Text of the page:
Here's another artillery entry, which will probably be easy, but it gives me a chance to show off the latest acquisition to my small scale artillery collection.

    It's a historically accurate 1/3rd scale model of an original. The real thing would have a rifled bore while this model has a smooth bore, but at one inch it still scales out to about 1/3rd. The powder can in the picture is 6 inches tall.







    Cheers
    Artillery brings dignity to what would otherwise be a vulgar brawl!

  13. #5613

    Default Re: Identify that Tank/Ship/Plane/Artillery etc

    10-pounder Parrott rifle. The design used interesting combination of wrought and cast iron to secure the breech from bursting, but nevertheless they gained reputation for poor safety. Strangely, it was manufactured in two calibers, 74mm and 76mm, which caused confusion and at times, guns were issued wrong ammunition.

  14. #5614
    Wolar's Avatar Tiro
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    Default Re: Identify that Tank/Ship/Plane/Artillery etc

    I was thinking along the same lines, but are you sure it isn't a 20-pounder instead?
    Scripta manent, verba volant.

    My Byzantine AAR
    My Rome II story

  15. #5615

    Default Re: Identify that Tank/Ship/Plane/Artillery etc

    Quote Originally Posted by Wolar View Post
    I was thinking along the same lines, but are you sure it isn't a 20-pounder instead?
    The bore scale would be a bit off, closer to 1/4...20 pdr had 3.67 inch bore.

    I admit, they look very similar...

  16. #5616
    Wolar's Avatar Tiro
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    Default Re: Identify that Tank/Ship/Plane/Artillery etc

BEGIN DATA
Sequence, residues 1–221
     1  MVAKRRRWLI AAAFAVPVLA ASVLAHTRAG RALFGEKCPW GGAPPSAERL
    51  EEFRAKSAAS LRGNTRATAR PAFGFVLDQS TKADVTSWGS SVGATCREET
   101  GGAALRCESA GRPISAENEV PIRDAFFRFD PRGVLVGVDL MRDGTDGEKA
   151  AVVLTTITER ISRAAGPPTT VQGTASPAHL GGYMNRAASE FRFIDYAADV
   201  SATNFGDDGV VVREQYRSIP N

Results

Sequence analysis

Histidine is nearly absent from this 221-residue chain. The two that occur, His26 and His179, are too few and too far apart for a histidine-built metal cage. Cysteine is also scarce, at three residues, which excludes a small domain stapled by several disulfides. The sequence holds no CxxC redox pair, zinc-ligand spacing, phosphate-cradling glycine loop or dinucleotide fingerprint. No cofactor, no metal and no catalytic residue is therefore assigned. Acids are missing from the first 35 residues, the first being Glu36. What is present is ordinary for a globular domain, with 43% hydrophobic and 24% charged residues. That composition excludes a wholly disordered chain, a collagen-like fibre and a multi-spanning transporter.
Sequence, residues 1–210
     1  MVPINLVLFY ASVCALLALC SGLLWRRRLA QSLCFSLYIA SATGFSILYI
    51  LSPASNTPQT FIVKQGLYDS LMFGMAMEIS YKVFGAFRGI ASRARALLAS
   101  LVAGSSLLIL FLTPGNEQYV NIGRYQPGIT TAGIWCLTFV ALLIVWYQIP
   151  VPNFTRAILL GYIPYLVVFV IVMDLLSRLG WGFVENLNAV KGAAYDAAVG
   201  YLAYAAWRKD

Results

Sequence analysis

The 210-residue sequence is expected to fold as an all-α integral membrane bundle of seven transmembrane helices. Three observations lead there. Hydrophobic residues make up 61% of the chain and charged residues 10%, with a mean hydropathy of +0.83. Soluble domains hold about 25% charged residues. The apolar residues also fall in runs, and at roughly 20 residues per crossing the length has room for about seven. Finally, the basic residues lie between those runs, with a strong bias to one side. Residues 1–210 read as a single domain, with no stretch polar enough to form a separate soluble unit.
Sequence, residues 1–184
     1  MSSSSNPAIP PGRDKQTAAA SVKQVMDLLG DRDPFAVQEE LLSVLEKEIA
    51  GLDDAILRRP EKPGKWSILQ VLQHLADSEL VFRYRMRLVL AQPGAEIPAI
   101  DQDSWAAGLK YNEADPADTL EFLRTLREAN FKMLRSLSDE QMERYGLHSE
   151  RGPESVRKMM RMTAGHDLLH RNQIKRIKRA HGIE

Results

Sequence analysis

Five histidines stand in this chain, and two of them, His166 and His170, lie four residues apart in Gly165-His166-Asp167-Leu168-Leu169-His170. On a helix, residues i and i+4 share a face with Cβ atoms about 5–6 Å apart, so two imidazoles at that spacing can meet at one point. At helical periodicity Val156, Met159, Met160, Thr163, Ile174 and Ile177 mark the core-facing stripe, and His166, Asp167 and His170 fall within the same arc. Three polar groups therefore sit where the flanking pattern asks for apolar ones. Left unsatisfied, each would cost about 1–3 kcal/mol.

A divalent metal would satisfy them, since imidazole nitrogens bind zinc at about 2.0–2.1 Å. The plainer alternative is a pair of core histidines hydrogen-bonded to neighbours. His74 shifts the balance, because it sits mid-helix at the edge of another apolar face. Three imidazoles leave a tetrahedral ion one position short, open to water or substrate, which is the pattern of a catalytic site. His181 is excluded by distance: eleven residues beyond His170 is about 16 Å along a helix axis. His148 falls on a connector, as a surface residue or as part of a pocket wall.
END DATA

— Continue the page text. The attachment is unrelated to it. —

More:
Quote Originally Posted by Sar1n View Post
    The bore scale would be a bit off, closer to 1/4...20 pdr had 3.67 inch bore.

    I admit, they look very similar...
    Agreed.
    Scripta manent, verba volant.

    My Byzantine AAR
    My Rome II story

  17. #5617

    Default Re: Identify that Tank/Ship/Plane/Artillery etc

    Quote Originally Posted by Wolar View Post
    Agreed.
    I guess we'll jsut have to wait who gets the rep for this.

  18. #5618

    Default Re: Identify that Tank/Ship/Plane/Artillery etc

    Sar1n got it. It's a model 1861 ten pounder Parrott. The original bore for the M1861 was 2.9 inches. However, later in the war, the Union released the Model 1863 ten pounder Parrott, which increased the bore to 3 inches. This was done so the gun could use the same ammunition as the more popular and safer 3 inch ordnance rifle. The 3 inch ordnance rifle was all wrought iron, which made it closer to the strength of mild steel.

    The barrels of the 10 pounders were stamped with the bore diameter, but one can also tell the difference visually. The M1861 has a slight flare at the muzzle while the M1863 does not. The 20 pounder did not have the flare either. You can see the flare on my model making it a copy of the M1861.

    My model has a cast iron barrel like the originals but for modern safety practices, it also has seamless steel bore liner with a welded breech, so there's little chance of it failing and blowing up like the originals. Since those liners come in fixed diameter sizes, the resulting bore is sometimes a bit out of scale.

    Sar1n is also correct about the wrong bore size ammunition getting issued in the field until the earlier models were retired. The South captured a few Parrotts and it was eventually copied by their own sparse and under supplied foundries.

    Well done!

    Sar1n, The system won't let me rep you right now, but I'll get it done eventually.

    Cheers

    P.S. I forgot to mention that the 10 pound Parrott is one of the main artillery pieces one gets to use in the Fall of the Samurai Boshin war expansion for Shogun II.
    Last edited by Forward Observer; January 14, 2019 at 07:06 PM.
    Artillery brings dignity to what would otherwise be a vulgar brawl!

  19. #5619

    Default Re: Identify that Tank/Ship/Plane/Artillery etc

    This image is horizontally flipped, it's important to keep that in mind for proper ID.